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April 9, 2014

Jonathan Tobin: Why Did Kerry Lie About Israeli Blame?

Samuel G. Freedman: A resolution 70 years later for a father's unsettling legacy of ashes from Dachau

Jessica Ivins: A resolution 70 years later for a father's unsettling legacy of ashes from Dachau

Kim Giles: Asking for help is not weakness

Kathy Kristof and Barbara Hoch Marcus: 7 Great Growth Israeli Stocks

Matthew Mientka: How Beans, Peas, And Chickpeas Cleanse Bad Cholesterol and Lowers Risk of Heart Disease

Sabrina Bachai: 5 At-Home Treatments For Headaches

The Kosher Gourmet by Daniel Neman Have yourself a matzo ball: The secrets bubby never told you and recipes she could have never imagined

April 8, 2014

Lori Nawyn: At Your Wit's End and Back: Finding Peace

Susan B. Garland and Rachel L. Sheedy: Strategies Married Couples Can Use to Boost Benefits

David Muhlbaum: Smart Tax Deductions Non-Itemizers Can Claim

Jill Weisenberger, M.S., R.D.N., C.D.E : Before You Lose Your Mental Edge

Dana Dovey: Coffee Drinkers Rejoice! Your Cup Of Joe Can Prevent Death From Liver Disease

Chris Weller: Electric 'Thinking Cap' Puts Your Brain Power Into High Gear

The Kosher Gourmet by Marlene Parrish A gift of hazelnuts keeps giving --- for a variety of nutty recipes: Entree, side, soup, dessert

April 4, 2014

Rabbi David Gutterman: The Word for Nothing Means Everything

Charles Krauthammer: Kerry's folly, Chapter 3

Amy Peterson: A life of love: How to build lasting relationships with your children

John Ericson: Older Women: Save Your Heart, Prevent Stroke Don't Drink Diet

John Ericson: Why 50 million Americans will still have spring allergies after taking meds

Cameron Huddleston: Best and Worst Buys of April 2014

Stacy Rapacon: Great Mutual Funds for Young Investors

Sarah Boesveld: Teacher keeps promise to mail thousands of former students letters written by their past selves

The Kosher Gourmet by Sharon Thompson Anyone can make a salad, you say. But can they make a great salad? (SECRETS, TESTED TECHNIQUES + 4 RECIPES, INCLUDING DRESSINGS)

April 2, 2014

Paul Greenberg: Death and joy in the spring

Dan Barry: Should South Carolina Jews be forced to maintain this chimney built by Germans serving the Nazis?

Mayra Bitsko: Save me! An alien took over my child's personality

Frank Clayton: Get happy: 20 scientifically proven happiness activities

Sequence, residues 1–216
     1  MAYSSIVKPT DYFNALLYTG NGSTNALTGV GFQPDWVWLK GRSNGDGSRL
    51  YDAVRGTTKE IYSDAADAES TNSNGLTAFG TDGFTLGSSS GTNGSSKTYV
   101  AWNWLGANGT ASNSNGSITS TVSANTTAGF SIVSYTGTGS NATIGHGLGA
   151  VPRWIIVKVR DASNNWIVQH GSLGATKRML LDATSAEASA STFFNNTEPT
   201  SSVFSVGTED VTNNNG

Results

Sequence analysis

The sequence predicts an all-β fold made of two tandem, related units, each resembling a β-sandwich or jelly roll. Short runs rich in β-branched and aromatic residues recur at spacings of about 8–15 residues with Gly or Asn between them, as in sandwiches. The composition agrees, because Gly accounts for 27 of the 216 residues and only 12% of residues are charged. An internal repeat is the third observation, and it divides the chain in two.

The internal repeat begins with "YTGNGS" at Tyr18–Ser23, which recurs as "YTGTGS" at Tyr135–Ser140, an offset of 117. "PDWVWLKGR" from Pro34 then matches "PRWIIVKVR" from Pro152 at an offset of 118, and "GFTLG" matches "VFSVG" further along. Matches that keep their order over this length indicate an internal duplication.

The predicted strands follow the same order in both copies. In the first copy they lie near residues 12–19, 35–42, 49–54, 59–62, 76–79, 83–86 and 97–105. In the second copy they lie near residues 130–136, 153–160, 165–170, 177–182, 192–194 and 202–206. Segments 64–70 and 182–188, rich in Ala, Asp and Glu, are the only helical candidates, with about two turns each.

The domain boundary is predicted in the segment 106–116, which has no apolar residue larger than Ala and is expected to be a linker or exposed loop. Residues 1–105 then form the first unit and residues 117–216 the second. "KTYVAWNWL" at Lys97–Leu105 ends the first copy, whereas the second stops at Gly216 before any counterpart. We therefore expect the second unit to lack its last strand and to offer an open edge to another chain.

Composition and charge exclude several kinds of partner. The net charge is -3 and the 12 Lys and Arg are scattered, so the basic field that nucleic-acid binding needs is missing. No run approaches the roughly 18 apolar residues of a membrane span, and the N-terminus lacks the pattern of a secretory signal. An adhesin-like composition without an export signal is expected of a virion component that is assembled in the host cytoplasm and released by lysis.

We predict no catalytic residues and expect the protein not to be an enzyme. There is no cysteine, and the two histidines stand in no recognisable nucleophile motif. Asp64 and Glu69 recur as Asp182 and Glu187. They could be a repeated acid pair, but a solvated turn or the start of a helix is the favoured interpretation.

Susan Scutti: It's Genetic! Obesity and the 'Carb Breakdown' Gene

Lecia Bushak: Why Hand Sanitizer May Actually Harm Your Health

Stacy Rapacon: Great Funds You Can Own for $500 or Less

Cameron Huddleston: 7 Ways to Save on Home Decor

The Kosher Gourmet by Steve Petusevsky Exploring ingredients as edible-stuffed containers (TWO RECIPES + TIPS & TECHINQUES)

Jewish World Review

Cybercrime takedown!

By Mark Clayton




How the Gozi cybercrime gang, responsible for a virus that infected more than a million computers around the world, including some operated by the US space agency and others by banks -- at a cost of Tens of millions of dollars -- was captured



JewishWorldReview.com | (TCSM) "In order to provide you with extra security, we occasionally need to ask for additional information when you access your account online."

Beginning in 2007, those innocuous-sounding words began appearing seemlessly and immediately on the personal computer screens of thousands of online banking victims in the US and worldwide right after they logged in to their accounts.

Many were duped into entering their mother's maiden name, social security numbers, and other personal data into the neat little labeled boxes.

Little did they know that the moment the personal data was entered, a trojan horse program inhabiting their personal computer immediately sent it to a computer server in California — and from there to a central command-and-control server in the Netherlands. After that, access to the stolen account data was sold to other criminals, who used it to enter the accounts and transfer out cash.

Tens of millions of dollars was stolen this way from online accounts, according to charges filed in a federal court in New York Wednesday against the alleged leading members of the Gozi Gang, cyber bank robber masterminds and creators of the infamous Gozi trojan, one of the world's most notorious and malicious bank-theft software programs.

According to the US attorney for New York's Southern District, the alleged gang leaders, three Eastern European men in US custody, played critical roles in producing and distributing the Gozi virus. They faced criminal charges ranging from conspiracy to commit bank fraud to access device fraud and computer intrusion, and maximum penalties ranging from 60 to 95 years in prison.